IHEU has told the UN Human Rights Council that the concept of “Islamophobia” is unhelpful and misleading, wrongly implying that any criticism of Islam is based on “irrational fear” and must lead automatically to hatred of Muslims. The statement was given jointly with the Association for World Education and Center for Inquiry.
INTERNATIONAL HUMANIST AND ETHICAL UNION, ASSOCIATION FOR WORLD EDUCATION, CENTER FOR INQUIRY
UNITED NATIONS HUMAN RIGHTS COUNCIL – 9th Session (8–26 September 2008)
Statement by IHEU Main Representative Roy W Brown, Tuesday (pm) 23 September 2008
Item 9: Racism, racial discrimination, xenophobia and related forms of intolerance
We were pleased to note the desire of Mr Githu Muigai, the new Special Rapporteur on contemporary forms of racism, to move the discussion from the idea “defamation of religions” which many agree has no place in human rights discourse, “to the legal concept of incitement to national, racial and religious hatred, hostility or violence”.
We also applaud his proposal to gather data on hate speech in order to make “fully informed, empirically sound and factually robust analysis about this phenomenon”. Racial discrimination and xenophobia are indeed a serious and widespread problem. It is essential when dealing with such a complex issue, involving education, language skills, economic opportunities, deprivation, media sensationalism, and opportunism, that proposed solutions be based on accurate information.
In this connection, the term “Islamophobia” is both misleading and unhelpful. It implies that any criticism of Islam is based on “irrational fear” and must lead automatically to hatred of Muslims.
The widespread use of the term “Islamophobia” may actually be exacerbating the problem by confusing the issue. Immigrants, and not only Muslims, do face discrimination, but this problem will not be solved by such catch-all, simplistic labelling. The accusation of “Islamophobia” is now widely used as an ad hominem weapon to silence opponents by equating any criticism of Islam with racism. Mr President, criticism of Islam, or of any other religion, is not racism: it is a human right.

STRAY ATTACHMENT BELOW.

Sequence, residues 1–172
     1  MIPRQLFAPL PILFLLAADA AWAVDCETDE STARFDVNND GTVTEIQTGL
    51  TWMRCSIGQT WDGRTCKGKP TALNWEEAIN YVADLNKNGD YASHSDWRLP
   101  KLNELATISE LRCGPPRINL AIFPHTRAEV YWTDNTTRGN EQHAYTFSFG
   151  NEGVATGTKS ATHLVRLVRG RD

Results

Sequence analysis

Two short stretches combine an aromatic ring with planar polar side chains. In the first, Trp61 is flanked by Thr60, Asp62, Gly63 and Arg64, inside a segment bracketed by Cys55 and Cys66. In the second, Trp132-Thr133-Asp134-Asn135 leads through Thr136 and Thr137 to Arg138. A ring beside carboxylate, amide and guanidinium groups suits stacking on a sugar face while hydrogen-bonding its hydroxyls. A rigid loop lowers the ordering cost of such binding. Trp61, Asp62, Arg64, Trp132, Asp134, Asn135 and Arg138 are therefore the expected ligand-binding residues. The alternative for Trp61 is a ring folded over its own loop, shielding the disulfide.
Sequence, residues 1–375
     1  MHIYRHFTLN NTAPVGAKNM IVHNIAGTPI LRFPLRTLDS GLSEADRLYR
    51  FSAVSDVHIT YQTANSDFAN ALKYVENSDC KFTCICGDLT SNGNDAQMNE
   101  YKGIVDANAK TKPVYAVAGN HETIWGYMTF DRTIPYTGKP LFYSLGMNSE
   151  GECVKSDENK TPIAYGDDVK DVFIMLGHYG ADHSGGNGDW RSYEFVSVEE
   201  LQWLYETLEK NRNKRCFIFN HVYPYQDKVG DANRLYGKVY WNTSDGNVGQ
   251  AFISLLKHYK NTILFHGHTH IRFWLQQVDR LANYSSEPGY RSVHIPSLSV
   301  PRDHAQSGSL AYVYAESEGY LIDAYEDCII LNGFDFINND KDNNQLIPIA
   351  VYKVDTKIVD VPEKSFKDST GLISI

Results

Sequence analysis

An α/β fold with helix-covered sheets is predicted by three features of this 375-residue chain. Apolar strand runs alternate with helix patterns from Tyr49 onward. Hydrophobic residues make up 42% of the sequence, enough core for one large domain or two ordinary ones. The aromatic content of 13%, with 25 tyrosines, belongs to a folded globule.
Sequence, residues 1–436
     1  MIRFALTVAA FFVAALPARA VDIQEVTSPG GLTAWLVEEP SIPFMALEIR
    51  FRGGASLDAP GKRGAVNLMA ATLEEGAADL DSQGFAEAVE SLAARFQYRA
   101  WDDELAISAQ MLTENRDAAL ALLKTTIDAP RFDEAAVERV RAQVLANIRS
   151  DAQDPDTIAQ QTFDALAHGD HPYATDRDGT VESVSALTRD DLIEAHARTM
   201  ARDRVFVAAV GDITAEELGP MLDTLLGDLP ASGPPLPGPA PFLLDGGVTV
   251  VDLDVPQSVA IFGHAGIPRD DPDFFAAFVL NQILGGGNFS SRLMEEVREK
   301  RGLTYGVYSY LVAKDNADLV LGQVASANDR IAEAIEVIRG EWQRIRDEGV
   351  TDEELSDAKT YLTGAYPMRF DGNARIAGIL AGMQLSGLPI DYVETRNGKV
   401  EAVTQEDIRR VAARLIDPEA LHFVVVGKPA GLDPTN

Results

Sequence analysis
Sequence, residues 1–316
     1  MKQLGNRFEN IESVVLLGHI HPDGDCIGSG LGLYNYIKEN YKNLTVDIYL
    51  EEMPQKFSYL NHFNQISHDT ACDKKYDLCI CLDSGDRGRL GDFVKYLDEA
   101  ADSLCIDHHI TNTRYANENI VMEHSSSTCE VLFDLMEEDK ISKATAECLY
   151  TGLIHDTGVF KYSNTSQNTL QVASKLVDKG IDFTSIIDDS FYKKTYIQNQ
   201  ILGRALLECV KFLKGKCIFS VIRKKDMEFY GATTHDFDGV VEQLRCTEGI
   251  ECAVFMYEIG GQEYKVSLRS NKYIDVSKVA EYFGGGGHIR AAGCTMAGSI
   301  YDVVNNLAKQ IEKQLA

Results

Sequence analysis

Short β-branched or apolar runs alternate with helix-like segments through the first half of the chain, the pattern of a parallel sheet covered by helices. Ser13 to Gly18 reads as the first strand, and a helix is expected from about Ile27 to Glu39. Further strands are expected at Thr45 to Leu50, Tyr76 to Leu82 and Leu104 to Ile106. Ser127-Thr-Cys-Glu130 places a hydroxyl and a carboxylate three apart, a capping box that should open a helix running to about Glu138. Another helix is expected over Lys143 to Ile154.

There is now some evidence that the incidence of hostility to Muslims is being exaggerated. We cite for example, the United States government’s latest data on hate crimes  which show that [There were 147 reported cases of hate crimes against Muslims in 2006, and 362 reported cases against Jews. Yet the population of Muslims in United States (estimated at 9.5 million)  exceeds that of Jews by a ratio of three to two , so] Jews are on average more than three times more likely than Muslims to be the victims of hate crimes even in the United States, which in 2001 was the victim of the world’s worst ever terrorist attack, carried out by Muslims.
[At this point, the Egyptian representative raised a point of order.]
Finally, Mr President, we wish to comment on two glaring omissions from the last report of the Special Rapporteur on contemporary forms of racism, Mr Doudou Diene. He makes no mention of attacks on Christians, Bahais , Ahmadis  and others that have become commonplace in several Arab states, and in Iran, Pakistan and Bangladesh . And whilst he mentions growing Antisemitism in Latin America and its historical roots in Europe, he makes no mention of it in the Muslim world, where according to a recent survey by the Pew Research Center : “anti-Jewish sentiment is endemic”. These omissions again call into question the impartiality of that Special Rapporteur.
May we respectfully suggest that, rather than focussing exclusively on “Islamophobia”, States address the deep-rooted Antisemitism and general hatred of “the other” within their own societies?
Thank you, Sir.
5 See, as just one example: http://www.thepersecution.org/ai/aius0411bd.html